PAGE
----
I tried to split the difference between those two arcs by using random selections of words from the known suspects’ texts in conjunction with the single passage of “IG.” This is not ideal, so we will need to be up front that we are judging “IG” not against a total accounting of suspects’ style but a representative sample. This situation is begging for a creative solution: one that identifies passages in a novel that are written in a similar mode to the unknown text (e.g. a dialogue, character description, etc) and compare those, but without overfitting or introducing bias into the results. Sure, Eggers’ dialogue won’t look like “IG” — because the story has no dialogue — but what about the moments when he reports a character’s backstory? My hasty solution was simply to take many random selections of words from suspects’ much larger works since, in aggregate, they will account for the texts’ normative degrees of variation; authors are spread out over stylistic space, weighted by their different modes of writing. In the event that “IG” is largely unrepresentative of its author’s style, it may still fall within their stylistic field near similar slices of text, if only at the periphery.

Intertwined Obstacles: Unusual Suspects

Now that the table has been set, let’s take a look at some of the names that have been thrown around. (For convenience, I will also list their most recent work, where it was included in the corpus.)

Each of these suspects was named by Madrigal, including admittedly himself. But I’d like to point out that many of these names are not fiction writers: Schreier is a performance artist, most known for his work in the 70s; Leong has primarily published infographics recently; Ford, Madrigal, and Honan are all journalists. That is, we have a suspect for whom we have no known published material and four journalists who write on sliding scale of narrativity. (One other suspect I looked into had published almost exclusively Buzzfeed listicles.) Honan and Ford have both published long-form pieces recently, and those have been included in the corpus, but the others’ absence must be noted.

Other names that have come up more than once include:

  • Robin Sloan — Mr. Penumbra’s 24-hour Bookstore
  • Dave Eggers — The Circle
  • Thomas Pynchon — Bleeding Edge
  • Susan Orlean — New Yorker narrative non-fiction, The Orchid Thief
  • the horse_ebooks/Pronunciation Book guys

In evaluating the list of suspects, the nature of detective work encroaches on the role of the literary historian. Sure, those two always overlap, but our cases are usually a century or two cold. To put a very fine point on it, I actually staked out a cafe in San Francisco and met Schreier last week, so that I could ask him, among other things, whether he had published any writing during his career. He had not. But the sleuthing has a degree of frankness that we pretend to disavow as historians. (Do we really think Thomas Pynchon, a hulking literary giant of our time, organized this essentially provincial gag? Maybe I’m wrong. Just a hunch.) To wit, we have to remain skeptical of Madrigal’s reportage, since it may all be a ruse. We may be his dupes, complicit in his misdirection. As he put it to another journalist on the case, Dan Raile, “Of course the most obvious answer would be that it is me and Mat Honan.” Even the assumption that there is a list of suspects beyond Madrigal (and Honan) remains provisional. But it’s the best we’ve got.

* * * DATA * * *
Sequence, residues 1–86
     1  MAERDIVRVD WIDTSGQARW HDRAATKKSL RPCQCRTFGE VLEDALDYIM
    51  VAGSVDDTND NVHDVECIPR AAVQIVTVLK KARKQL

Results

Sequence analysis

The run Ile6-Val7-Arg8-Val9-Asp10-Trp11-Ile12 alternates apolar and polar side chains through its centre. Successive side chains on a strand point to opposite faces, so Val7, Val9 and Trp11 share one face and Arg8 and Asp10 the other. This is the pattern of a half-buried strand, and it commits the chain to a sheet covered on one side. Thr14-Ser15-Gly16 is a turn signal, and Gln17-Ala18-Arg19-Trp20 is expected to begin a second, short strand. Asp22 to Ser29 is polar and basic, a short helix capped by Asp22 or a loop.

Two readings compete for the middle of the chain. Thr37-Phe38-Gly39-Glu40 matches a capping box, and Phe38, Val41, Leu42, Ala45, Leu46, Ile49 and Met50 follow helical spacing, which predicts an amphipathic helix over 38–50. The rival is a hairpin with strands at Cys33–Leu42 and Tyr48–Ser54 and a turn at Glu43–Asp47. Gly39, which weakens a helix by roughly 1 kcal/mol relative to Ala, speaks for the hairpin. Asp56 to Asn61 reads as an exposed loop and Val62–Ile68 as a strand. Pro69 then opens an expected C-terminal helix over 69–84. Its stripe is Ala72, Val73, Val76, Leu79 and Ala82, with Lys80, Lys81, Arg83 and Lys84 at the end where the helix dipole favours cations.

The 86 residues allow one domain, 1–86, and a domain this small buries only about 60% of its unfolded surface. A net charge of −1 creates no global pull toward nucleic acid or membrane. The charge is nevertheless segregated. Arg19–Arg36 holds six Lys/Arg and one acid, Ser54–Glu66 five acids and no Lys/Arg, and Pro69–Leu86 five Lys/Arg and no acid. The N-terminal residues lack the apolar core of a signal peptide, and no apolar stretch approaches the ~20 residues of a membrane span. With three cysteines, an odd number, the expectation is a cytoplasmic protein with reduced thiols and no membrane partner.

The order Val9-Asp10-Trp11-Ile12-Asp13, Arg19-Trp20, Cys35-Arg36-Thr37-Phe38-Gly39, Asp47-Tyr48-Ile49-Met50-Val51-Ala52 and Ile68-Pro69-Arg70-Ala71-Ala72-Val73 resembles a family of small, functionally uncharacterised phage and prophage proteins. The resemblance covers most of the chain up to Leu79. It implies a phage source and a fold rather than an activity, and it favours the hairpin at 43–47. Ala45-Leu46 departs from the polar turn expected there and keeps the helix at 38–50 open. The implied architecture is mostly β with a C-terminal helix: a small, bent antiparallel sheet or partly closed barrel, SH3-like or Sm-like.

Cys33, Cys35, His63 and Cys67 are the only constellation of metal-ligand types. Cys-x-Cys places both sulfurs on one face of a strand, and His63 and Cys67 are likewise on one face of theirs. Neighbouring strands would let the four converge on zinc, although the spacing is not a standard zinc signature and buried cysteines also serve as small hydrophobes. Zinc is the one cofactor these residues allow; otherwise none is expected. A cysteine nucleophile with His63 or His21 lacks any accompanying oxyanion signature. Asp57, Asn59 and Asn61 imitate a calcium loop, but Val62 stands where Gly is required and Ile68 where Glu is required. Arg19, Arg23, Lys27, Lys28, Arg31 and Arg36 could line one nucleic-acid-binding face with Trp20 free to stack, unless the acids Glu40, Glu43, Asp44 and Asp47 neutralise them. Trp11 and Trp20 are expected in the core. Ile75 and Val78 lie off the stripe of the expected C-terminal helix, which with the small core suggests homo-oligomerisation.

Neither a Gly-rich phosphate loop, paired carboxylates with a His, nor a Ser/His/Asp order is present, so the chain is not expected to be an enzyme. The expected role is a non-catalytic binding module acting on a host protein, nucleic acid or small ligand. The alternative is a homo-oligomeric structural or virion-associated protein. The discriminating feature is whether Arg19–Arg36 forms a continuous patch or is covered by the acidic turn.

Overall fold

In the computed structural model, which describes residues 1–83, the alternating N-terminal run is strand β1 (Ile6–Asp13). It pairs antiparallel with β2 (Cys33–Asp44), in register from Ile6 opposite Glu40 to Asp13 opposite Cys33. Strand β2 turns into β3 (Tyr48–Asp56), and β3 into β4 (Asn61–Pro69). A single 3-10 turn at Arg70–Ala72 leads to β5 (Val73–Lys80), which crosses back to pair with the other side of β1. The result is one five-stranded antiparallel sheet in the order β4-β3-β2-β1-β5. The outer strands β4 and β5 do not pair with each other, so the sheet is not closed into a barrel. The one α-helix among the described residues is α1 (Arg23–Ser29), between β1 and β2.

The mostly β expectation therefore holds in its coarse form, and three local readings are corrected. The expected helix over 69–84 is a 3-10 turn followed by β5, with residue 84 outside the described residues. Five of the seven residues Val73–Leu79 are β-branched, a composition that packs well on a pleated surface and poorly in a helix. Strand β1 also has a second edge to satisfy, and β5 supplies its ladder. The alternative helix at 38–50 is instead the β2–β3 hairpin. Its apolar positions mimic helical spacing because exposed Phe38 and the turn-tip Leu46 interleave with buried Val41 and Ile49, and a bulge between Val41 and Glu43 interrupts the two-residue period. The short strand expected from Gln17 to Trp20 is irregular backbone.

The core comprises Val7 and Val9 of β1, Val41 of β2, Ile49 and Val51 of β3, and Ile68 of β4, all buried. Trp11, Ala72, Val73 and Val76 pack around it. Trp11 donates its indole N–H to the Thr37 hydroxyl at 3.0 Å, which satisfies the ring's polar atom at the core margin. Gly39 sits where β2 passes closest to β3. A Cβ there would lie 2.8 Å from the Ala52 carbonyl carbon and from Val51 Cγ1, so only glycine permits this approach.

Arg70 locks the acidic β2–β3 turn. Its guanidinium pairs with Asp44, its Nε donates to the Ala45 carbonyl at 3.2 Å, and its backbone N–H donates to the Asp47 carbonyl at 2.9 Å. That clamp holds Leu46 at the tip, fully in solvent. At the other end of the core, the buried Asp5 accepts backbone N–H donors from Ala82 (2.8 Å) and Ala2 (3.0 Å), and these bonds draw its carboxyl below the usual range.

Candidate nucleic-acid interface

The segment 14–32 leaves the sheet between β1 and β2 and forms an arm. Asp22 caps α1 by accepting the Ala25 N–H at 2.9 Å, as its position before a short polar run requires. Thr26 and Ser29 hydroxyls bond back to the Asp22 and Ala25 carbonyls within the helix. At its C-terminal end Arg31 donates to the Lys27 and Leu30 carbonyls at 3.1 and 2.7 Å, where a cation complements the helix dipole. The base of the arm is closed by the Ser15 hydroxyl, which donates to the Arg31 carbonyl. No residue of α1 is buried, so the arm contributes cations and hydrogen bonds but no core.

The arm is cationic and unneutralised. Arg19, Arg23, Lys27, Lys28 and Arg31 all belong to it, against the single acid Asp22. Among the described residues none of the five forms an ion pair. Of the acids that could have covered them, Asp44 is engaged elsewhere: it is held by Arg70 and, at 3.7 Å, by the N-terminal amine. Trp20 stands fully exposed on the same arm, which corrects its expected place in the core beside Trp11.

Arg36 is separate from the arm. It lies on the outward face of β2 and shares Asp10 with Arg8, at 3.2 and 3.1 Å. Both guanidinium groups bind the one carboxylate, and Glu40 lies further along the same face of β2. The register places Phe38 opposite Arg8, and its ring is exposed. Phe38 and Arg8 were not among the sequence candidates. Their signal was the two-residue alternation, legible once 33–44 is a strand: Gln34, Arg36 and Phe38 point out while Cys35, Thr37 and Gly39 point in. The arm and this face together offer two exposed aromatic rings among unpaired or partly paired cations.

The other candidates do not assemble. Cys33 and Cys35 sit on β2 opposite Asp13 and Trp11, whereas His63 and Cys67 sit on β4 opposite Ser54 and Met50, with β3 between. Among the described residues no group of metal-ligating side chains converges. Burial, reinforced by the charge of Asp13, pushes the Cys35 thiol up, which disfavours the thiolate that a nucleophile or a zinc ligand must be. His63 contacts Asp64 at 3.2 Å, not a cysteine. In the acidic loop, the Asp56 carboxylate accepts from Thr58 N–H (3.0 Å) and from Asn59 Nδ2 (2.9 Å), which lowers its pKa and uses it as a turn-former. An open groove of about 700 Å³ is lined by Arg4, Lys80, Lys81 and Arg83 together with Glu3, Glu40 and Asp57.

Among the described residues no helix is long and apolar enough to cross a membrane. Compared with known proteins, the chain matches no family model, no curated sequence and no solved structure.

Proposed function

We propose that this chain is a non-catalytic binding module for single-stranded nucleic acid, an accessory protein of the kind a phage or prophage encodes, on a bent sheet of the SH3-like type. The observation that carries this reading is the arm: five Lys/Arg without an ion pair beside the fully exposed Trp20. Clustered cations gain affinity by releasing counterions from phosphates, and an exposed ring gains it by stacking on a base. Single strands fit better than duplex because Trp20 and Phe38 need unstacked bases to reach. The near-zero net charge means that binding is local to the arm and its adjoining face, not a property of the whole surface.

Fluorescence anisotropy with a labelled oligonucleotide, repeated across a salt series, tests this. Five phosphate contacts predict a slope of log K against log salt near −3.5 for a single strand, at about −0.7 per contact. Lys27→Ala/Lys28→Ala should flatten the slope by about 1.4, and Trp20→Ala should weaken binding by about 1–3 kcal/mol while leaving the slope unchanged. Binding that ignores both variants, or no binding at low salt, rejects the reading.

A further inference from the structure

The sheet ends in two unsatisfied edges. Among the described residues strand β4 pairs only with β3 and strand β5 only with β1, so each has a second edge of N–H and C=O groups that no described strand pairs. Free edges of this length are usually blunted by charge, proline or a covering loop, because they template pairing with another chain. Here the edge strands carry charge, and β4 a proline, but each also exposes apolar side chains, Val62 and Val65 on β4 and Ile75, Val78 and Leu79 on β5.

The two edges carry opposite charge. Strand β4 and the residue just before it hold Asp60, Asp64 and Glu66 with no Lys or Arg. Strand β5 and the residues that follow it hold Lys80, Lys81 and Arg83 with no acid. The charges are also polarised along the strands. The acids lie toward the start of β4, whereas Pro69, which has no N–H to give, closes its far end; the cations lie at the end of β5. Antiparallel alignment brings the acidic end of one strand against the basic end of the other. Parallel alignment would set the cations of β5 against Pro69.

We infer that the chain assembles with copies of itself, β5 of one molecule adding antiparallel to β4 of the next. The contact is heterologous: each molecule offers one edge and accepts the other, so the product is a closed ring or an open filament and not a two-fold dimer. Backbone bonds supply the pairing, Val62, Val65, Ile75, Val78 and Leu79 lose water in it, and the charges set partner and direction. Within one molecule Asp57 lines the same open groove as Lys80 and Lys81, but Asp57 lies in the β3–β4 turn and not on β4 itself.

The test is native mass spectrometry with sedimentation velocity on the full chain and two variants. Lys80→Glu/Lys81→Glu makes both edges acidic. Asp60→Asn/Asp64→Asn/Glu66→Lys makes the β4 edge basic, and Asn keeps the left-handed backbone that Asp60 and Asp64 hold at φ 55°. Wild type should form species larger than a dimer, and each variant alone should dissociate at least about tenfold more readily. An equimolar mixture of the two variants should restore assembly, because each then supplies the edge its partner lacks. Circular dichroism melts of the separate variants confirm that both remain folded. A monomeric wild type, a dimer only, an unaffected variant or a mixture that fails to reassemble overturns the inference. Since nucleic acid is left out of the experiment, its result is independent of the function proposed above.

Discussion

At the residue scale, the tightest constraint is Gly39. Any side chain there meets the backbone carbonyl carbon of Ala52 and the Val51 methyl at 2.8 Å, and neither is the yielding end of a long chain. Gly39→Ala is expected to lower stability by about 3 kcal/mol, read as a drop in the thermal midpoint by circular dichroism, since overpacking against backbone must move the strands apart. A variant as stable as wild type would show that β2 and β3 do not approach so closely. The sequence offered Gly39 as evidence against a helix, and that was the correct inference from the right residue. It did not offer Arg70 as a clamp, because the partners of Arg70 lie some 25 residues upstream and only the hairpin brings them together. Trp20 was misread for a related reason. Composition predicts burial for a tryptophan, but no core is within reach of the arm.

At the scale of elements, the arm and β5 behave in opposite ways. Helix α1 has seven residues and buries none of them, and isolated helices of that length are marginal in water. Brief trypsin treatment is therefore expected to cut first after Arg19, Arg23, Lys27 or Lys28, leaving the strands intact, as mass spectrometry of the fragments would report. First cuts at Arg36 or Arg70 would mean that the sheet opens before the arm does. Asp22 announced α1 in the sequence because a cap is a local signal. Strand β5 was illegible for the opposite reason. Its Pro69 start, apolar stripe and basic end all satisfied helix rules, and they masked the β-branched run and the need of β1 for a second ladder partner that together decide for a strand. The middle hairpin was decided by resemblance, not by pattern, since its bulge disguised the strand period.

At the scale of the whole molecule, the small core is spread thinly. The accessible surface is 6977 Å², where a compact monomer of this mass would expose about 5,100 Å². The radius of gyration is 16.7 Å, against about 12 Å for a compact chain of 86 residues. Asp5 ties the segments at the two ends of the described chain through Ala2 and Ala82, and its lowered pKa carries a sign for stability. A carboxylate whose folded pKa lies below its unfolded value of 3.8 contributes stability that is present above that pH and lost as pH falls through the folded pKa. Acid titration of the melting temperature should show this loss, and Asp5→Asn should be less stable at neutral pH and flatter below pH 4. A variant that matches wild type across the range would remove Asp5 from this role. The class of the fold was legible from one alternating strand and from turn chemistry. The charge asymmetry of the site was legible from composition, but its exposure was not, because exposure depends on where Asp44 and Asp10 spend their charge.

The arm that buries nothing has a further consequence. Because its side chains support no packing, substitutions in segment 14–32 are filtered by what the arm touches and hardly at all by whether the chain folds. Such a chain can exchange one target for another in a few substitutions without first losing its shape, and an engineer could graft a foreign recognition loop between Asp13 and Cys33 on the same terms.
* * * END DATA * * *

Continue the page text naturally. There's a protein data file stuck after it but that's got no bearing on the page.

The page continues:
At a more practical level, the uneven coverage of our most likely suspects points out the complexity of what is referred to as author attribution “in the wild.” The assumption that the true author is already a member of the list of suspects — called the closed-world assumption — has come under scrutiny recently in stylometry.7 This partly kicks the question of attribution over to verification, a measure of confidence in any given attribution. But the case of “IG” intersects with other open problems of corpus size, as well as cross-genre attribution that makes some of the proposed open-world solutions difficult to apply. Knowing this, and with our eyes wide open, let’s see just how far the closed-world methods can take us.

Interpreting Attribution

Using the version of supervised learning that Eder had recommended (SVM classifier, MFW vector minus personal pronouns), I ran it over the corpus of suspects. Each suspect’s text was represented by 100 different bags of 2000 randomly selected words. Under cross-validation, the classifier easily had 100% accuracy among the suspects. Once the classifier had been trained on these, it was shown “IG” in order to predict its author.